So that’s research and my book, Edge: Turning Adversity into Advantage. And from here, in addition to doing this research and continuing along this path, I also am recently helping to get a nonprofit off the ground. It’s called Project Amplify, where we are trying to bring these tools and tips and all of these implicit tacit skills that are so necessary, that really bridge the gap between what we might learn in a formal educational environment to what we need in the workplace. We’re bringing this to college students, high school students, people who are early in their career. And these are individuals that wouldn’t necessarily be able to get this type of education or get these sort of things. So Project Amplify really brings… It’s tailored mentoring with free education and workshops, as well as a book-matching program that allows underprivileged and underserved communities to have access to this, so that it’s not just my students at Harvard Business School, that students everywhere that will have an opportunity to, perhaps, feel like, even though they’re maybe hitting the same wall over and over and over again or just trying to push the same levers over and over and over again, that they do have a way to empower themselves to flip things in their favor and create an edge.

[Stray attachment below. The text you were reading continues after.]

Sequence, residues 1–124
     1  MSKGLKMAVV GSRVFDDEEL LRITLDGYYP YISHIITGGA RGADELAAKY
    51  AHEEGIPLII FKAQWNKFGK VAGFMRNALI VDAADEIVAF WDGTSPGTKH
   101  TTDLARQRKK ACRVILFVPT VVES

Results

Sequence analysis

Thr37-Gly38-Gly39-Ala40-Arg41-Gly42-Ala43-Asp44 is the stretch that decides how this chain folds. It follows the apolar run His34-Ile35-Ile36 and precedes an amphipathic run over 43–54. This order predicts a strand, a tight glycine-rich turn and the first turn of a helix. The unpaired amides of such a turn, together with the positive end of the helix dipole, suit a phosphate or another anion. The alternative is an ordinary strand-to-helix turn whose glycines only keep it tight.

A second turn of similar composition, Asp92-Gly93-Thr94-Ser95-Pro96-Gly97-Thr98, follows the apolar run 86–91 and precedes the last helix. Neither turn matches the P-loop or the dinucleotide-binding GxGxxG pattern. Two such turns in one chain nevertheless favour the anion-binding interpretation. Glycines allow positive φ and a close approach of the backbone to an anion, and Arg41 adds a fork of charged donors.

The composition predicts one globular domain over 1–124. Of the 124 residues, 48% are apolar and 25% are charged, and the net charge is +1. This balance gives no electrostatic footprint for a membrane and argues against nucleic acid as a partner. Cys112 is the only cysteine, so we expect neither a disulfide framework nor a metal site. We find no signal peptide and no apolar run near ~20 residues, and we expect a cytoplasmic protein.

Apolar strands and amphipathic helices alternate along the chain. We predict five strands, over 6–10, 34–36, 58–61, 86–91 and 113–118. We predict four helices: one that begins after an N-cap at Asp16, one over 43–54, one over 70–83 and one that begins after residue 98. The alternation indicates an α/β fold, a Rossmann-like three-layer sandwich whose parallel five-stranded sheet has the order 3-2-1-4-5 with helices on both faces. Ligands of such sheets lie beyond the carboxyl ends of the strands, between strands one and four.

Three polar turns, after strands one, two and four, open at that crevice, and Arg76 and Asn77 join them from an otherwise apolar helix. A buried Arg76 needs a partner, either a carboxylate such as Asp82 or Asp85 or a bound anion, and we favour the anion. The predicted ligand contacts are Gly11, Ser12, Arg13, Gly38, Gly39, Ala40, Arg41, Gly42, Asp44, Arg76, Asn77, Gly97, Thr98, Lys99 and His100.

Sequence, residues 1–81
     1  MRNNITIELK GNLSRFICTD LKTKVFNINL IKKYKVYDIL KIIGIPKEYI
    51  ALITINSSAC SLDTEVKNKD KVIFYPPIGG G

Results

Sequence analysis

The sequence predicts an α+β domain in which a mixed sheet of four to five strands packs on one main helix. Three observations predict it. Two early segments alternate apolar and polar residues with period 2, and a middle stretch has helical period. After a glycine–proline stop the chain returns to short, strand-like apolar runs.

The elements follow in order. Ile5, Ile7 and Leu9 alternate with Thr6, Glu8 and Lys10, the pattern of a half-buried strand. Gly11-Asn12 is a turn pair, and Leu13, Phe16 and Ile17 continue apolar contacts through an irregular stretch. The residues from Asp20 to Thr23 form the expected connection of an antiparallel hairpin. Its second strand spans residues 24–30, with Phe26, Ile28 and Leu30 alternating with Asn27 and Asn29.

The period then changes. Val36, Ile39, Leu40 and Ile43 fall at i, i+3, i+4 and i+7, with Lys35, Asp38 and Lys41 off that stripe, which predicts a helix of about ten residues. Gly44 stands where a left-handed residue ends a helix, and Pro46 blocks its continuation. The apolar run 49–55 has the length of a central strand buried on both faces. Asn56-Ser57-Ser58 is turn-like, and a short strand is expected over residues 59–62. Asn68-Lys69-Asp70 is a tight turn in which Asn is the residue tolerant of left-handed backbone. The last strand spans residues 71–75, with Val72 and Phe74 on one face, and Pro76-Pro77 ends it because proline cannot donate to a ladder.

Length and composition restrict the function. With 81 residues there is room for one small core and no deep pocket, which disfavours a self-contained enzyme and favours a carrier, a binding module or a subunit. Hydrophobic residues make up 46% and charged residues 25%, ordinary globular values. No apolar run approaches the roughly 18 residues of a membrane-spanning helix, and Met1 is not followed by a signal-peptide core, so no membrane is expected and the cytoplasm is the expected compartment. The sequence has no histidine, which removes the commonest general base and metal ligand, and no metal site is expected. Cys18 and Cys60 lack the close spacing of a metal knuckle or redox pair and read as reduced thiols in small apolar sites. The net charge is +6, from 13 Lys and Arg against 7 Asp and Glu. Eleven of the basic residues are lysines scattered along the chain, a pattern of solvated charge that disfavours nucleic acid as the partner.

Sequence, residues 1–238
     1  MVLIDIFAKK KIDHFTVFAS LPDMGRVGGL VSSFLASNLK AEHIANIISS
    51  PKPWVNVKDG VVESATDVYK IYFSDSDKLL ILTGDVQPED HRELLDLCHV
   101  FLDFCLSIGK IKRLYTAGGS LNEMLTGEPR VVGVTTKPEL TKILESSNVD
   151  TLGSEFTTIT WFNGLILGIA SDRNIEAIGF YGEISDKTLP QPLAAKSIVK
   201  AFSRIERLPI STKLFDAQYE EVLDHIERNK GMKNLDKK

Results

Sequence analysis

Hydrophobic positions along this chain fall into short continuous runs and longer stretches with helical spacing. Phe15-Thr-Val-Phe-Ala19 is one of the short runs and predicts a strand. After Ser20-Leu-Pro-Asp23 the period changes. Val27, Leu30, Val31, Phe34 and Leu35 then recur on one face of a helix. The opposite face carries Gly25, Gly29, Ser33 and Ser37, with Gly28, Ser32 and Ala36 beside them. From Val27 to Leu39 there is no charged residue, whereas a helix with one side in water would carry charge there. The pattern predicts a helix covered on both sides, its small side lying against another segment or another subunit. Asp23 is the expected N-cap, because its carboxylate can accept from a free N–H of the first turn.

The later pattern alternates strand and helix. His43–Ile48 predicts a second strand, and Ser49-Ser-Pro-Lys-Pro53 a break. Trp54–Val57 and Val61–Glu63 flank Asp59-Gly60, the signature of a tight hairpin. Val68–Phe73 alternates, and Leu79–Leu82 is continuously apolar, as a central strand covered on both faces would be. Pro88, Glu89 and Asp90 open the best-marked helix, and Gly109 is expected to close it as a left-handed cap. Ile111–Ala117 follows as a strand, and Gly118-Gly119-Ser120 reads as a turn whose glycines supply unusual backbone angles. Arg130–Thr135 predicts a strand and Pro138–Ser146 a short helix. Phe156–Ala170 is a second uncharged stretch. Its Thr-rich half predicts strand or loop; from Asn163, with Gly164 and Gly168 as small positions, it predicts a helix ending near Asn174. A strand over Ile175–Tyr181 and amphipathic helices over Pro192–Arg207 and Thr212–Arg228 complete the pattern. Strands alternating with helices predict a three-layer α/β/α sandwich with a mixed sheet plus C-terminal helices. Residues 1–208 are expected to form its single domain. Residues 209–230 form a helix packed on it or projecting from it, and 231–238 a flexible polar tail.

So I’ll stop there because I would love to take any questions that you might have, but thanks for this opportunity to share a little bit about my research and my book and the future of what I’m working on. So turning this back to you, Des and Stuart, to help facilitate any questions that might come up.